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The Evolution Of Circuits For Stretch Sensors

StretchSense is well known for our soft, stretchy capacitive sensor technology, but what many people don’t realize is that sensors are only half of what we develop. We actually develop sensing systems, and we devote as much time and energy to our circuits as we do to our sensors.

Sensors need a circuit to turn the analog signal they produce into useful digital data. It’s this data that enables us to create new and exciting wearable applications. For any questions regarding our sensors or circuits, you can get in touch with us.

We know from experience that developing stretch sensing systems is not a smooth process; the individual and interconnected design of algorithms, hardware selection, firmware implementation, embedded drivers and systems synchronization are all critical to high-quality sensing. In this article, we’d like to offer some examples of the associated challenges from a circuit development perspective.

First, though, we’d like to start by clarifying another common misconception; this one is about soft capacitive sensor technology. Due to the ubiquity of capacitive sensing touch screens, you might assume that it’s easy to make a circuit to run our sensors, but the term capacitive sensing has been misused.

Conventional capacitive sensing is more accurately described as time constant sensing.Capacitive touch screens rely on the change in capacitance that occurs when your finger touches the screen. Crucially, the resistances of the sensing circuits are easily predicted, and knowing this makes it easy to correlate sensor readings with capacitance. Also, the task is simplified significantly because a touch screen is effectively a sealed system with a constant shape.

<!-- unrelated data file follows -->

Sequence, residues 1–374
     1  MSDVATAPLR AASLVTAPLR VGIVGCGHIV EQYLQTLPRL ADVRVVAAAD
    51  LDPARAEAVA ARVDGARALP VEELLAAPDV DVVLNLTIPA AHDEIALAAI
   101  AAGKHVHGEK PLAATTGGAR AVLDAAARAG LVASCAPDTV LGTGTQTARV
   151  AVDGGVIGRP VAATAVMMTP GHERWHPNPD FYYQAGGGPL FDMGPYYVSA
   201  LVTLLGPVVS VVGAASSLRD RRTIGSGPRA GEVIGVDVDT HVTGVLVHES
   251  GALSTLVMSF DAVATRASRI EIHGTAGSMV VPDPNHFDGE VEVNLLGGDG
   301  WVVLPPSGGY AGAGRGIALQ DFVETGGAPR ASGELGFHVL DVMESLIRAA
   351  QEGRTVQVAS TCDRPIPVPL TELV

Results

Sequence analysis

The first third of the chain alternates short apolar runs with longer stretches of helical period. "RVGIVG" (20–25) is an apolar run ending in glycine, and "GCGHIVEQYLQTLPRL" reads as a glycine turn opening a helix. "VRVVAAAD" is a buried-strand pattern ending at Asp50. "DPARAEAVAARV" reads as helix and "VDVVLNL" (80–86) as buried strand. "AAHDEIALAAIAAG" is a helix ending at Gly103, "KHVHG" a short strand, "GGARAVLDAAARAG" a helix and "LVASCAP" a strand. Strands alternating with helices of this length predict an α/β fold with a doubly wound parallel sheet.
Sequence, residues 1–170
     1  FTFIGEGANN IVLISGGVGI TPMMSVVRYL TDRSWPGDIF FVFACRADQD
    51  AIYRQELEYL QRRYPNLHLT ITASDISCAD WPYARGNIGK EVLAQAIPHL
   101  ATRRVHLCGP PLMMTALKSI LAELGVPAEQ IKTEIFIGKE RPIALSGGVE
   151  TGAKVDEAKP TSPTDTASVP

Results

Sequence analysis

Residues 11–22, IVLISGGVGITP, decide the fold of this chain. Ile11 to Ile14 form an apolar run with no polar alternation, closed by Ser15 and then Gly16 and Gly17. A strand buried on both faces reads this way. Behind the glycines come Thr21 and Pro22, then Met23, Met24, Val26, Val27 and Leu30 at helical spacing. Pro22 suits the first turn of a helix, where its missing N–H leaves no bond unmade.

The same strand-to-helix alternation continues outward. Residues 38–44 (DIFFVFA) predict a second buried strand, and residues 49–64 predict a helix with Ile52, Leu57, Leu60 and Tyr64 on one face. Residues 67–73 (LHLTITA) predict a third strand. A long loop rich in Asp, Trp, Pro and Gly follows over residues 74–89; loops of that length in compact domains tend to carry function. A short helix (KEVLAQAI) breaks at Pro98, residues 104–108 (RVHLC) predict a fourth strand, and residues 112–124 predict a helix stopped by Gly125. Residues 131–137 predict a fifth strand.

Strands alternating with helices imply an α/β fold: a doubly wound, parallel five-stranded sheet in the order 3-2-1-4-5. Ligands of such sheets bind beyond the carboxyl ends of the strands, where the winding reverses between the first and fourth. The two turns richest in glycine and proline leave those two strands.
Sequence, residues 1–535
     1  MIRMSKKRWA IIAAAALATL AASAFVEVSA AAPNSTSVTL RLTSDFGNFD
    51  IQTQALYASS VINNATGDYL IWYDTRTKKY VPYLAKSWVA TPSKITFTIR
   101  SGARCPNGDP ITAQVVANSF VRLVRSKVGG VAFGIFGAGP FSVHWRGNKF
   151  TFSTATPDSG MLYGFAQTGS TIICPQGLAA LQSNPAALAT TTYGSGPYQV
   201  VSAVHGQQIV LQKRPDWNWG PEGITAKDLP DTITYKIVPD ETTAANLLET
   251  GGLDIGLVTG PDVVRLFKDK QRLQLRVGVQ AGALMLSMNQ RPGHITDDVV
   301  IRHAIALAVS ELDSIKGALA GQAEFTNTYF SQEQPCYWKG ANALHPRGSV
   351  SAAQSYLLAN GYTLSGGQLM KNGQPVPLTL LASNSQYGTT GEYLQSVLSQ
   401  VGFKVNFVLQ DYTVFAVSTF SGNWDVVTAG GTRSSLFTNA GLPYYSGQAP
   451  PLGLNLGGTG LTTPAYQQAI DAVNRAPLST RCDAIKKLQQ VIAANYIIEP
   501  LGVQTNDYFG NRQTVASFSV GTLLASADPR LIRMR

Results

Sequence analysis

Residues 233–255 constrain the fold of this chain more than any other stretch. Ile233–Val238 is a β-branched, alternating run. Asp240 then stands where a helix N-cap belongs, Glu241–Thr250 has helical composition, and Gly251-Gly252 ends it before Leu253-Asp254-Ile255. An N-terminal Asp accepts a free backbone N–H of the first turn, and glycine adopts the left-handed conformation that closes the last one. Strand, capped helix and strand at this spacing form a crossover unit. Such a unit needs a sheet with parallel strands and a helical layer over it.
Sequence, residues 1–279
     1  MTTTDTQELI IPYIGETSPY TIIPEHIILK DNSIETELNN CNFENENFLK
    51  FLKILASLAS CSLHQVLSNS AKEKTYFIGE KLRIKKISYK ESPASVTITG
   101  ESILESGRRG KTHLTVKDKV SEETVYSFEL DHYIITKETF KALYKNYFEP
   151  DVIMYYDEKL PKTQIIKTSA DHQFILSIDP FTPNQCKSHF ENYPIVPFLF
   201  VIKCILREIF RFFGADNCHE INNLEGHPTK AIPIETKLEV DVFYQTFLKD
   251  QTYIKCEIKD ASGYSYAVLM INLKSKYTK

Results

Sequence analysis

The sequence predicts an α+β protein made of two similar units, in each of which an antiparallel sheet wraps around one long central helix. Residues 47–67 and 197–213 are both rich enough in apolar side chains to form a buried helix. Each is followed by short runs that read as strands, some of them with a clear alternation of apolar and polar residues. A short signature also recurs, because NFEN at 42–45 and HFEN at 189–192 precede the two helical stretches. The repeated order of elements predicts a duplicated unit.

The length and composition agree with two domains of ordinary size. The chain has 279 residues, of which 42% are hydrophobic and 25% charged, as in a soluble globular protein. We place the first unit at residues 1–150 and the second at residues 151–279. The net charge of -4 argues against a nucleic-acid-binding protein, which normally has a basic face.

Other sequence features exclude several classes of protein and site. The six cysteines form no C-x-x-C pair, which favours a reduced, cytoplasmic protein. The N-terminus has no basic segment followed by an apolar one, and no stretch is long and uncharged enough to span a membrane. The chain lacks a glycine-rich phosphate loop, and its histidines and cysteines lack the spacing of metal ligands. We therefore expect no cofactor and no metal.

This eliminates durability challenges from repeated large deformation and prevents environmental factors such as humidity and sweat from having much influence. These two core assumptions — having a predictable resistance value and a highly constrained environment — are the reason capacitive touch screen sensor methods are fundamentally incompatible with our very soft, very elastic sensors.

So why do we care so much about measuring capacitance? Capacitance is governed by the dielectric constant of the stretchy dielectric material, the thickness of this dielectric and the overlapping area of the electrodes. The dielectric constant of our capacitive stretch sensors is very stable and insensitive to changes in temperature and moisture. Capacitance, therefore, is governed by area and thickness.

This is exactly what we want in an accurate and reliable stretch/deformation sensor — an output that directly relates to geometry. If we can measure capacitance accurately and quickly, we can measure deformation accurately and quickly. To learn more about capacitive strain sensing check out our white paper.

Our capacitive stretch sensors are excellent for measuring deformation, but they’re not simple devices:

  • They have a highly variable resistive component that is significant, unknown and unpredictable.
  • The resistance places a limit on the current that can be driven through the sensor and makes it susceptible to noise if not controlled appropriately (but is great for low power consumption!).
  • They do not conform to simple lumped parameter models that form the foundation of standard capacitive sensing methods. This is especially the case when the sensor is in motion.
  • Without appropriate system design, they will proximity sense the human body, moisture, fluorescent lights, nearby switched mode power supplies and all manner of unavoidable things to be expected in our daily environment.